Less than two weeks after he penned this editorial, Arthur Hunt Chute met Death while embarked on the self appointed task of searching out a larger Canada. On September 22, an airplane in which he and two companions were speeding toward the Far North crashed into Lake Manitoba. It is fitting that his last message should be an expression of the faith that was in him.
CANADIANS believe that there is room on the North American continent for an experiment separate and distinct from the United States. To this end they have committed themselves to the building up of a new nation.
Not the least of Canada’s advantages in her present task is the fact that the United States has gone before. Profiting by the example of her great neighbor, the Dominion has been watching her step, at times following after, at times declaring boldly that there are features in the American system which she assuredly does not intend to emulate.
The fact of the United States is the call for Canada. The mistakes of the American system, which have been made, which cannot be unmade, are a challenge to us to work out a separate destiny.
Our Neighbors to the South
WE HEAR from time to time about “our invisible boundary line.” This kind of talk awakens scant sympathy in the heart of Jack Canuck, for whom that boundary line is very real and very visible. The big nation may forget, but every contrast serves to impress the inequalities upon the lesser one. To keep pace with the wealthiest nation, and at the same time keep distinct from the wealthiest nation is, from Canada’s point of view, a vexing problem.
In spite of glad-hand internationalists declaring: “We are all one,” and in spite of superficial unities, there are clean-cut distinctions north and south of the fortyninth parallel.
They have broken away from Empire to Republic. We still cherish allegiance to the Crown. They have prohibition, we have government control. For years, they have gone in for unrestricted immigration; profiting by their example, with an eye to the future content of her citizenry, Canada is restrictive and selective.
In business, Americans have committed themselves to private initiative. Canadians, on the other hand, are conducting three of the world’s greatest experiments in public ownership—the Wheat Pool, the National Railways, and the Ontario Hydro-Electric Power Commission.
The United States is a high tariff country, while in contrast Canada is inclining increasingly toward moderate fiscal policies, looking toward world markets and the ideal of fair trade.
These are some of the distinctions that cause us to declare to our American cousins: “Our ways are not your ways, and your ways are not ours.”
The Dominion represents two predominant strains, economically American, politically British, and yet taken as a whole she is different from either—she is Canadian.
There is a certain distinction about Canadian civilization, noted by André Siegfried and other detached observers—a distinction worth preserving.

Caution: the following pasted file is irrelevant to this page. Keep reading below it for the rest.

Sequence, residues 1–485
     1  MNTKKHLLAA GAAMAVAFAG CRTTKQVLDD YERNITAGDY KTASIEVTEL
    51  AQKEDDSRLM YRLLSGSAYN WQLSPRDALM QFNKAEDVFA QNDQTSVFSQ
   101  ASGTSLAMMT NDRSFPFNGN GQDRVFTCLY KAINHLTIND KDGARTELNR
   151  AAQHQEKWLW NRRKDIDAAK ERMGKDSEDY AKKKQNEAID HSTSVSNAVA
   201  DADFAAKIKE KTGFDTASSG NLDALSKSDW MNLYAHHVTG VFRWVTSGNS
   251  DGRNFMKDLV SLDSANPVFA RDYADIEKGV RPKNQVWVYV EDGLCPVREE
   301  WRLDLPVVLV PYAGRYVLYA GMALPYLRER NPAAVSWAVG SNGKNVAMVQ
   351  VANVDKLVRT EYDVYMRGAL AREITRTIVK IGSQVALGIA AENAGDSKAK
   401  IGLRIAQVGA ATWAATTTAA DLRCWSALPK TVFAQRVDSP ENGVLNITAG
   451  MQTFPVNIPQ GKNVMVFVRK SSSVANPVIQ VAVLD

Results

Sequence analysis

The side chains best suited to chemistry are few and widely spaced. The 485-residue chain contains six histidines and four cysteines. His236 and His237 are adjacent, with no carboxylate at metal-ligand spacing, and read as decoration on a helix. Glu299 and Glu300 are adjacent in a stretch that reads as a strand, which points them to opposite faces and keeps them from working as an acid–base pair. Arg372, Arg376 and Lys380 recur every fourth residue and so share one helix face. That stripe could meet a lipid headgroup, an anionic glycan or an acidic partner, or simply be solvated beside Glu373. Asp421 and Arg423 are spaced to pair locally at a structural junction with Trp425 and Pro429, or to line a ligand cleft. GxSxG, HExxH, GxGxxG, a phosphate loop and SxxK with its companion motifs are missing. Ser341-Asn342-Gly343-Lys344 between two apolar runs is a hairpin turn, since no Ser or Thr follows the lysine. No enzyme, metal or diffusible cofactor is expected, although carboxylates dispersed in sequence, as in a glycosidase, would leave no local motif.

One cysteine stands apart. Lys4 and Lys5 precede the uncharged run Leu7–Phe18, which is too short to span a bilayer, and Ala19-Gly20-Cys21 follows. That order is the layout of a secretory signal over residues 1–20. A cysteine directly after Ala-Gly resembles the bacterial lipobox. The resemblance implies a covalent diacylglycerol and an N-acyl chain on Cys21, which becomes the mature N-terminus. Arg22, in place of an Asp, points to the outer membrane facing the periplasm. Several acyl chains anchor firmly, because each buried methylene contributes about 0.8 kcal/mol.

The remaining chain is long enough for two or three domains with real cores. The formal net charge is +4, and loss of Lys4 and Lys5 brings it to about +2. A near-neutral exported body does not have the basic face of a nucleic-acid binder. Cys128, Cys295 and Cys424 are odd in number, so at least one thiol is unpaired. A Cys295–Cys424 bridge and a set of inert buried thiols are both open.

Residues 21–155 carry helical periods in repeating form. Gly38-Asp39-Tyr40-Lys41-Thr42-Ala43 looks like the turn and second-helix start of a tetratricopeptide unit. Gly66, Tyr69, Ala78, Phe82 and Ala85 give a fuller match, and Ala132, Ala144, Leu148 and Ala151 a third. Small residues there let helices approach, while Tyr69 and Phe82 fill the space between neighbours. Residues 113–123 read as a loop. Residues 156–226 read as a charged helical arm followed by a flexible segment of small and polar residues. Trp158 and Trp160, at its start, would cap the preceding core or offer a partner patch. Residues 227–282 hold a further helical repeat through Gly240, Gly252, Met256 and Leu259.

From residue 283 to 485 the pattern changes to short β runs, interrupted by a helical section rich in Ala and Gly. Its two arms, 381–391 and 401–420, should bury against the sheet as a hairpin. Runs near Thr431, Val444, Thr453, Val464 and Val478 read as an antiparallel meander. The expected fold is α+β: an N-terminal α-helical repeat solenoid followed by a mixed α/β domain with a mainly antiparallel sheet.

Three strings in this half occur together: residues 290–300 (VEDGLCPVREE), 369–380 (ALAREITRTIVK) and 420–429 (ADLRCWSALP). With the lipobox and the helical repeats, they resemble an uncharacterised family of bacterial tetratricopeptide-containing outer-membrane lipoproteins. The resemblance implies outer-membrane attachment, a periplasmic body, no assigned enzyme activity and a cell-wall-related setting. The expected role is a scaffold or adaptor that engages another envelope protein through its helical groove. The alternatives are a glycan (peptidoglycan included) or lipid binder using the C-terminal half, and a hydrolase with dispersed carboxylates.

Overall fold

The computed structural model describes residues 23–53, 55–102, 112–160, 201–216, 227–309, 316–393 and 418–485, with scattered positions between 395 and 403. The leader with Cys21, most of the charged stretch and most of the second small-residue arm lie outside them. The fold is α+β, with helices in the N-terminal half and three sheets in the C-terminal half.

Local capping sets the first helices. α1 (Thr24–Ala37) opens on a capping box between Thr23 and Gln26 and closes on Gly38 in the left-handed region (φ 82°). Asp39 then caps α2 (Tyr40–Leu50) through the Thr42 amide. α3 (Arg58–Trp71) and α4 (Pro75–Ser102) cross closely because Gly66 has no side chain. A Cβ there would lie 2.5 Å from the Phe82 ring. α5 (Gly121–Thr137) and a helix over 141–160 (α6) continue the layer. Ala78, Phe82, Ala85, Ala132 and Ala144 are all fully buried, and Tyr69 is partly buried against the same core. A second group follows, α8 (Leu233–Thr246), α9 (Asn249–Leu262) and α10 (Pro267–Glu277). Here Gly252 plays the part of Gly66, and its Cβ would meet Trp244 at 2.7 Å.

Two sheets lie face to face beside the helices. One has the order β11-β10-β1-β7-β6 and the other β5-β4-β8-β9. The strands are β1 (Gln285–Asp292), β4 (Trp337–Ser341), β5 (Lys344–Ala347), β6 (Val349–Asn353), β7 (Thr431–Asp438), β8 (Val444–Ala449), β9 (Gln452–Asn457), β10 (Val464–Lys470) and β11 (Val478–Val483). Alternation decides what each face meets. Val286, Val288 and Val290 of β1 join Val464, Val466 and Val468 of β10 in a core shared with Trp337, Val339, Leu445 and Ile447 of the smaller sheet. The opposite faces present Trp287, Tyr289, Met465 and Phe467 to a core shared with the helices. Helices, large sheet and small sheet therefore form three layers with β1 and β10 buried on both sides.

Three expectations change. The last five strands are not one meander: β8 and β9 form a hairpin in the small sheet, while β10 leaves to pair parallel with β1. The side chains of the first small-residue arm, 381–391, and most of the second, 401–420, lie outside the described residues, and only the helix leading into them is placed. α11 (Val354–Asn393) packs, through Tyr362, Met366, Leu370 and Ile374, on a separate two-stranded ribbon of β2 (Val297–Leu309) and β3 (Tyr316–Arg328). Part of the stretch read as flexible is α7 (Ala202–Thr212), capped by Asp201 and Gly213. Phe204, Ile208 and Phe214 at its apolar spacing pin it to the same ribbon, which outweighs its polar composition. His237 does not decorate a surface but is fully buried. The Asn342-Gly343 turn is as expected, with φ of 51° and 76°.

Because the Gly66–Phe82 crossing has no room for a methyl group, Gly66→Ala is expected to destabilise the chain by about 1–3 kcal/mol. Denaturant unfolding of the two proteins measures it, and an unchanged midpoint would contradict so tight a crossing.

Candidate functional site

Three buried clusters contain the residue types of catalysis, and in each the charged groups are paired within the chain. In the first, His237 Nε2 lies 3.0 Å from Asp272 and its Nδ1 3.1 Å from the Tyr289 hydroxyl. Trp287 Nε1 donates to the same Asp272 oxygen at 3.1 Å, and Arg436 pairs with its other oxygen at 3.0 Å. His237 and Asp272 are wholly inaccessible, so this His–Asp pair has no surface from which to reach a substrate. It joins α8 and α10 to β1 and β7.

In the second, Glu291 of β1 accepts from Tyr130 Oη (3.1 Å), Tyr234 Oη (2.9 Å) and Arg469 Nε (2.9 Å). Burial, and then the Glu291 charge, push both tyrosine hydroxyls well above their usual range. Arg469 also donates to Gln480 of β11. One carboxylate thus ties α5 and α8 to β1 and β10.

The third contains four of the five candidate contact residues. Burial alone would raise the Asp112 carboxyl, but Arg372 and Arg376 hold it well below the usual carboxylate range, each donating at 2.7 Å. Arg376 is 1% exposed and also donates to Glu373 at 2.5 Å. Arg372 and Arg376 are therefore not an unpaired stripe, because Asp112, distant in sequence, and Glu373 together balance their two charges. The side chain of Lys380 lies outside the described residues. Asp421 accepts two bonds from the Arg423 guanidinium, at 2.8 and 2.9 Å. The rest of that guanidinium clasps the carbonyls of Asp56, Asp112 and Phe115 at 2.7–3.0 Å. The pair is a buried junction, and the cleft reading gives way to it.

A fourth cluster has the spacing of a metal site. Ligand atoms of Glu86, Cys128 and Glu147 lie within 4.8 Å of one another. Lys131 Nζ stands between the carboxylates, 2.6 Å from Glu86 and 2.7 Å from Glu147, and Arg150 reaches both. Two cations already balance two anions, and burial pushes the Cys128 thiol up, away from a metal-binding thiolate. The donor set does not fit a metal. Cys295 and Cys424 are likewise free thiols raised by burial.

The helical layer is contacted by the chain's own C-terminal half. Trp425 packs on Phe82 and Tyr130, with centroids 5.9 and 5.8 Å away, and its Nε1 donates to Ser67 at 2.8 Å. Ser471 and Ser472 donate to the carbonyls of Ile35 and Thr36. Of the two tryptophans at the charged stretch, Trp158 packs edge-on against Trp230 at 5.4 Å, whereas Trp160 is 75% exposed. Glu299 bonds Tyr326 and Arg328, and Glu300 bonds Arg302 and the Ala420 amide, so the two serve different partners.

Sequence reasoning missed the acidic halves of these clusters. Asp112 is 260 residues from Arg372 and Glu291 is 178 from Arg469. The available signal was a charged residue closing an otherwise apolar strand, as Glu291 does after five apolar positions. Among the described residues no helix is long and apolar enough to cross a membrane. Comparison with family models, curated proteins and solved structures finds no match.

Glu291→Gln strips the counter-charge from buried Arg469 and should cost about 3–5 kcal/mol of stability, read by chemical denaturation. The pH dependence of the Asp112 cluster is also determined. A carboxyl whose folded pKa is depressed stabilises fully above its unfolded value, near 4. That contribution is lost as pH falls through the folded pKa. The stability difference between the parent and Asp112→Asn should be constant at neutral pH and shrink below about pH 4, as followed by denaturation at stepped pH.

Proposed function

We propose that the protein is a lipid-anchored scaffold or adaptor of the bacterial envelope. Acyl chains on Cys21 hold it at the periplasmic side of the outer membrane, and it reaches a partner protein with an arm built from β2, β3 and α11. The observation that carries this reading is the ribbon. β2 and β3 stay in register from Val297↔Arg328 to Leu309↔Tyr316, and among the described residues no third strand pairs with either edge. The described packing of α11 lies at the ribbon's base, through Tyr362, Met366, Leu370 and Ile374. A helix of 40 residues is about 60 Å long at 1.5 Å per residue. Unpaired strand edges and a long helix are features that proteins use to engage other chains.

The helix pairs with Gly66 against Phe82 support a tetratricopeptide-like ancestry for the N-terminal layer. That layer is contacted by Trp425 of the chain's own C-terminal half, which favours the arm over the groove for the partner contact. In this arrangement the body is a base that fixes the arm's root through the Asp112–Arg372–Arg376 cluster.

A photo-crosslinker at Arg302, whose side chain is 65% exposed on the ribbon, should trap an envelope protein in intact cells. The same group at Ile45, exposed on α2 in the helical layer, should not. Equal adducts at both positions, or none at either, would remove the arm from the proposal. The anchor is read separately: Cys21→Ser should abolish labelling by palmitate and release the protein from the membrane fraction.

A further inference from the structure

Why Apologize for Canada?
'THERE is still too much of the after-you-my-dear Alphonse attitude on the part of some Canadians in regard to their older neighbors. These people show their disloyalty to a true Canadianism by mentioning everything of native origin with a condescending tone. While the world outside hails Canada’s achievements, these unassimilated prigs are mildly apologetic for everything at home, and at the same time are enamored of everything exotic.
In 1867, Lord Carnarvon said, on moving the second reading of the British North America Bill: “We are laying the foundations of a great state, perhaps one which at a future date will overshadow this country.” The portentous lineaments of that great state are as yet but dimly apprehended.
Canadianism is a new word; its deepest content is yet to be attained. Many of our citizens today, in spite of all that has transpired, are face to face with nothing bigger than a section or a province. Isolation, wide distances, diversity of interests, antagonisms ethnic and geographic, are lurking perils in the pathway of this young nation.
England was once made up of Saxon, Norman, and Dane, of opposing races and opposing districts. But there came a time when they were no longer Saxon, Norman and Dane; when they became English. So in Canada, national evolution must ultimately bring us to the day when opposing races and opposing sections are swallowed up in larger unity, when we have ceased to be primarily French or English, primarily East or West, when above all else we have become Canadian.
Those who are thinking nationally, in spite of sharpest, difference, will always find a common standing ground. Sir Charles Tupper and Joseph Howe were on opposite sides politically, but they were both alike blessed with the national mind. They belonged to the end of what might be styled “the golden age of Nova Scotia.” There Sam Cunard and Sam Slick in their respective spheres set the styles for a continent; as witness in business, the Cunard temple of Lower Broadway, heir to the Cunard warehouse of Halifax; as witness in literature, Artemus Ward, Mark Twain, and all that subsequent school of American humor initiated by Thomas Chandler Haliburton, of Windsor, Nova Scotia.
With these Bluenose giants there was none of that inferiority complex that has fallen like a palsy on some of our latterday Canadians. They were not copy-cats of Boston and New York. Blessed with minds bold and free, they dared to carve their own distinctive channels.
The classic aim enunciated by Matthew Arnold’s Sophocles was “to see life steadily and see it whole.” For us the ideal is to see Canada steadily and see it whole.
How to overcome the narrow disposition, how to learn to estimate measures by general tendencies, how to think nationally and not parochially—here is the larger problem for the Canadian mind.
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